• Bibliography - NZCIEL

last modified July 24, 2013 by strypey


Bioprivateering

Bioprivateering: http://stallman.org/articles/biopiracy.html

A defence of bioprivateering: http://www.kent.ac.uk/law/ip/resources/ip_dissertations/2004-05/scutt.doc

http://www.webcitation.org/6IMGt3z7v

A GNU perspective on indigenous knowledge (last article): http://www.gnu.org/brave-gnu-world/issue-59.en.html

Vandana Shiva (1999) - change western IPR: http://www.un.org/esa/socdev/unpfii/en/drip.html 

Shiva - privatisation of Neem: http://www.twnside.org.sg/title/pir-ch.htm

Wheat Bioprivateering: http://www.organicconsumers.org/articles/article_8463.cfm

Tea tree patents: http://www.freepatentsonline.com/7311928.html http://www.patentstorm.us/patents/5738863.html   

Open Education Resources 

http://wikieducator.org/Launch_of_the_OER_foundation

Mātauranga and Indigenous Worldview

Ken Wilbur on worldviews and aperspectival madness: http://www.webcitation.org/6IMFqCn37

The story of Tane's journey to claim the three kete of knowledge: http://www.teara.govt.nz/en/ranginui-the-sky/2

 

Three kete

Tane ascends to the heavens: http://www.teara.govt.nz/en/ranginui-the-sky/2 

Artwork by Jane Crisp: http://www.artfind.co.nz/cgi-bin/WebObjects/ArtFind.woa/6/wa/publicView?seekType=20&artworkCodeToShow=sleepinggian&artistCode=janecris&artworkOffsetToShow=-1&artworkSort=15,23,27,16,10 

Poor translation, strongly influenced by Judeo-Christian dualism (darkness + unknown = evil and dangerous): http://www.kapitihealth.org.nz/docs/whakatauki_KHSIS.pdf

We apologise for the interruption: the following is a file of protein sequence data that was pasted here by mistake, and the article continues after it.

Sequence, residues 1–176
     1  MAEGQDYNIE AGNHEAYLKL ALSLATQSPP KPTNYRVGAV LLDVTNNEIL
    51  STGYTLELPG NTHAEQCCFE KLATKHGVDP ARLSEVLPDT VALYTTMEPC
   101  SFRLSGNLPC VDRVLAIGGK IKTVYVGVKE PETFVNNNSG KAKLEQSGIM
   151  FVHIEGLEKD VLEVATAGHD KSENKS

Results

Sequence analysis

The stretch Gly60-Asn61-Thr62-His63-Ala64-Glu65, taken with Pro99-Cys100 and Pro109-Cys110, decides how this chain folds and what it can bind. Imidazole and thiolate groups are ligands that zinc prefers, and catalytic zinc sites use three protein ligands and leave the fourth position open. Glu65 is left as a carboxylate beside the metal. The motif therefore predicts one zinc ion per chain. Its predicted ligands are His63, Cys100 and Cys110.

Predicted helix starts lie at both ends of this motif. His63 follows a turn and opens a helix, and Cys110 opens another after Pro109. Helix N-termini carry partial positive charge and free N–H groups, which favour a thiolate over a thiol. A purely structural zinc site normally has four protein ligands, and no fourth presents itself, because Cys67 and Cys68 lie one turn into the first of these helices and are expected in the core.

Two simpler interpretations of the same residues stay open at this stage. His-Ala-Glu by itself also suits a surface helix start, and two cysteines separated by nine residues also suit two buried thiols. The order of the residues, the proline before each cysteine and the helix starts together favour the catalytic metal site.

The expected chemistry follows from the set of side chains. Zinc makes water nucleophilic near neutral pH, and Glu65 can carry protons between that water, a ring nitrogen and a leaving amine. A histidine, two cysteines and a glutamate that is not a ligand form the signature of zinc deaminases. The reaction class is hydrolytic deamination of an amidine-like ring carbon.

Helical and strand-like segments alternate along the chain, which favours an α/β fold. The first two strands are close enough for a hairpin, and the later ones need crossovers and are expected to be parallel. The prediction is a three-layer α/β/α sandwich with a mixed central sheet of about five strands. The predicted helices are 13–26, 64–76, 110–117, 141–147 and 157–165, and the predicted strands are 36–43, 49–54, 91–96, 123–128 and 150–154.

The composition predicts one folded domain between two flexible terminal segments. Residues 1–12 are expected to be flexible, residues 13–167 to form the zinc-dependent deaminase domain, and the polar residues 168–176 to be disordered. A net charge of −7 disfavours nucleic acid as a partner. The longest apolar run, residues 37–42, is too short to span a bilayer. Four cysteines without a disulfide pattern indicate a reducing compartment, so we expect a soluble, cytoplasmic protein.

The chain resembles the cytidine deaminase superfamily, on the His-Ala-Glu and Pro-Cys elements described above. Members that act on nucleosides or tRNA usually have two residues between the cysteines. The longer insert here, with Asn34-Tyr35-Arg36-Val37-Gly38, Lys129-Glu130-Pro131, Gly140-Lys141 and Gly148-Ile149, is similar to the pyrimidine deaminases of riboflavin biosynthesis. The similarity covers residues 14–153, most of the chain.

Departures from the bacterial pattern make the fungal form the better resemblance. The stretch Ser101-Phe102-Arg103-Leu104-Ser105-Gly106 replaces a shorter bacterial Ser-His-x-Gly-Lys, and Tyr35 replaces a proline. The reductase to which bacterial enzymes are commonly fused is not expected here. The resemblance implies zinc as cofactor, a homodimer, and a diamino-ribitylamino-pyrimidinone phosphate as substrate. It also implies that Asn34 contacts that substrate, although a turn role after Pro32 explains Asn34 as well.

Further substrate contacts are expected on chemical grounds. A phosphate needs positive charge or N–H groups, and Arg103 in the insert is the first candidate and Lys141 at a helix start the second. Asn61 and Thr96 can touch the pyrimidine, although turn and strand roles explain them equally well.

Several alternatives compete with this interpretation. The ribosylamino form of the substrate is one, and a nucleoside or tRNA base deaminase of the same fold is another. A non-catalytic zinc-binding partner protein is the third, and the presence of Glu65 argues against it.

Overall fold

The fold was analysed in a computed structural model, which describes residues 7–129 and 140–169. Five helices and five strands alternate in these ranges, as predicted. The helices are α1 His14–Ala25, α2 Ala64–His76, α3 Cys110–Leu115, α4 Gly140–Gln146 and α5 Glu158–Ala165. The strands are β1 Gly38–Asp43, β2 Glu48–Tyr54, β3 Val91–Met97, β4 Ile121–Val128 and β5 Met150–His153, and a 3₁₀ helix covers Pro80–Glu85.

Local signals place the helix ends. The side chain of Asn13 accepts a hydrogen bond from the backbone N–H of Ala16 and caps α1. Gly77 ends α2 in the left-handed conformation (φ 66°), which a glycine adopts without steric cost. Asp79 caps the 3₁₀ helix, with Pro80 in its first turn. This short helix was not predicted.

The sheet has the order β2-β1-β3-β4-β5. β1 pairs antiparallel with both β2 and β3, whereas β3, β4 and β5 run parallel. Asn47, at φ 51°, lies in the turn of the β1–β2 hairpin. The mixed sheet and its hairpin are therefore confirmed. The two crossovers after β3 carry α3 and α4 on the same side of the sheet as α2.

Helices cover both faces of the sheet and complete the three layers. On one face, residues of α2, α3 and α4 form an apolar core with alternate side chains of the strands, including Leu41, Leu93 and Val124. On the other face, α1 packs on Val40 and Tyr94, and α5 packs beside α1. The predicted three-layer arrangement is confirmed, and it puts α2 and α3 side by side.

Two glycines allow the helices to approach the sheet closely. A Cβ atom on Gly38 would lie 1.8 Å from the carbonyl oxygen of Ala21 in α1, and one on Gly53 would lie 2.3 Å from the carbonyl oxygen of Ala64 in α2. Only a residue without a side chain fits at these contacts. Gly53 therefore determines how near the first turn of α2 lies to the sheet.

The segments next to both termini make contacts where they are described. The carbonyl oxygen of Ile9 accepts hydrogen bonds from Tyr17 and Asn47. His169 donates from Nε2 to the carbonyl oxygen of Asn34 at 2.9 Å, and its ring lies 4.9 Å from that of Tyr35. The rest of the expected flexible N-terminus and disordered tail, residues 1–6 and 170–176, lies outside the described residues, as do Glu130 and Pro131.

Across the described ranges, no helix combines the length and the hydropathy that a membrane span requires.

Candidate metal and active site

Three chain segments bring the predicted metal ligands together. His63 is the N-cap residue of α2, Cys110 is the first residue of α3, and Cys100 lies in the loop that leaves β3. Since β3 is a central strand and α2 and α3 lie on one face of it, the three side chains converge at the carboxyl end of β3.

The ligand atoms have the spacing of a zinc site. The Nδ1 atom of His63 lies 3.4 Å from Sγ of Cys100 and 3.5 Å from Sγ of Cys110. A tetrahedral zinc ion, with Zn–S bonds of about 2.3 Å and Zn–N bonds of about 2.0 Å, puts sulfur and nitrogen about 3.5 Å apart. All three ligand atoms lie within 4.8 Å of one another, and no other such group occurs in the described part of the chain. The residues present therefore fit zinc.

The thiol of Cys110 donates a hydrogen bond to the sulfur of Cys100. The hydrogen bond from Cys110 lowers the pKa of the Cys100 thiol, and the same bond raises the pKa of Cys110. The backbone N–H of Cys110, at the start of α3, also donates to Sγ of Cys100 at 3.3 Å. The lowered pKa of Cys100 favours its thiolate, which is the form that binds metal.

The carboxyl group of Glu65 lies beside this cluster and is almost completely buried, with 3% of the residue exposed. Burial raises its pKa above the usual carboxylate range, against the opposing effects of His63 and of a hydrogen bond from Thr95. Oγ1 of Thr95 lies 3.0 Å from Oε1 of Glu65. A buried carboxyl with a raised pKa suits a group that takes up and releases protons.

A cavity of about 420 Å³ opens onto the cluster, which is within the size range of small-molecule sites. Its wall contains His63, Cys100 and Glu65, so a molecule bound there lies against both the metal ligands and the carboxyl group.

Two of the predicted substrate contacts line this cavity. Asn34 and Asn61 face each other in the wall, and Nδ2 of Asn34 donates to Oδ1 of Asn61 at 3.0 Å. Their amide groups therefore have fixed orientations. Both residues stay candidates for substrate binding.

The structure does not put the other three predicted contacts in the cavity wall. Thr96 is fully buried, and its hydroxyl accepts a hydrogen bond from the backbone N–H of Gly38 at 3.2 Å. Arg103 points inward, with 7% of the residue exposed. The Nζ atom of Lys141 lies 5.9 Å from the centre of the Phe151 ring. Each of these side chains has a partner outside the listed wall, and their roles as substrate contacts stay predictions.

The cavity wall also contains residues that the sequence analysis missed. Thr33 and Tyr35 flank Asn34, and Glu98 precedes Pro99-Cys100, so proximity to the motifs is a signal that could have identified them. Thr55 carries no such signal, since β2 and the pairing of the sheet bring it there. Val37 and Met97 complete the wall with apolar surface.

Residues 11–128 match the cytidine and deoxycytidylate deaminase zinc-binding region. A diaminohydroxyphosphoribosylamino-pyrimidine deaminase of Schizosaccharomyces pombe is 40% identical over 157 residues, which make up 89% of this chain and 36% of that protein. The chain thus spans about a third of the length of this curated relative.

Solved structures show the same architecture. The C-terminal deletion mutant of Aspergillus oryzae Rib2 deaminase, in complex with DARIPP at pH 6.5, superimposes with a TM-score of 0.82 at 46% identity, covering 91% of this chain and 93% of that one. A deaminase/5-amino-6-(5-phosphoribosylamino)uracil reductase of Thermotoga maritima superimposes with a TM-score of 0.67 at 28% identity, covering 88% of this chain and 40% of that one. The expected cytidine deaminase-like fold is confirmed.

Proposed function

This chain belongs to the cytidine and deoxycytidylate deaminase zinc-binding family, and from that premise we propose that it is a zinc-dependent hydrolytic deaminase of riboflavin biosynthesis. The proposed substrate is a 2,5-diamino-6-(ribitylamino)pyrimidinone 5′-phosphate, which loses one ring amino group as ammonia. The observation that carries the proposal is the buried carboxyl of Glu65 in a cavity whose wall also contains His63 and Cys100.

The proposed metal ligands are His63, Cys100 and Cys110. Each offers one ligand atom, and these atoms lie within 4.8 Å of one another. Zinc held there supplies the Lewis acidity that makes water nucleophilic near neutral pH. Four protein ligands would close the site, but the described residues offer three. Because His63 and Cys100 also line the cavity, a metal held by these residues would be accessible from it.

Artwork which interprets the kete as a metaphor for keeping body (Aronui), mind (Tuauri), and spirit (Tuatea) in balance:  http://www.enlightermagazine.com/projects/baskets-knowledge-david-trubridge  

 

Mataatua Declaration: http://www.idrc.ca/en/ev-30143-201-1-DO_TOPIC.html 

UN Declaration on rights of indigenous people: http://www.un.org/esa/socdev/unpfii/en/drip.html

Collective privacy: http://privacy.org.nz/assets/Files/Speeches-presentations/Speech-Notes-for-33rd-APPA-Forum-Open-Forum-on-Privacy-and-Society-Darwin-3-4-June-2010.doc 

Arguments against public domain absorbing indigenous stories. Example of 'collective privacy': www.aiatsis.gov.au/asp/docs/WhoOwnsStory.pdf 

Recognition of Indigenous "intellectual property"

Attempt to trademark Ka Mate: 

Official agreement recognising Ngati Toa significance of Ka Mate: http://nz01.terabyte.co.nz/ots/DocumentLibrary/NgatiToaofferletter.pdf

Media version claiming "ownership": http://news.bbc.co.uk/2/hi/asia-pacific/7882775.stm 

Claims Ngati Toa want royalties, despite the quotes from Ngati Toa saying no such thing: http://tvnz.co.nz/national-news/haka-royalties-may-prove-minefield-2485368 

John Archer's article on the origin of Ka Mate: 

"Defending a trademark was too expensive for the iwi": http://www.nbr.co.nz/article/iwi-wants-ka-mate-haka-settlement-protection-49002 

http://www.stuff.co.nz/dominion-post/news/4343764/Rugby-union-close-to-haka-deal

http://www.telegraph.co.uk/sport/rugbyunion/international/newzealand/4589226/New-Zealand-government-returns-Haka-to-Maori-people.html

http://www.guardian.co.uk/world/2009/feb/12/new-zealand-haka-maoris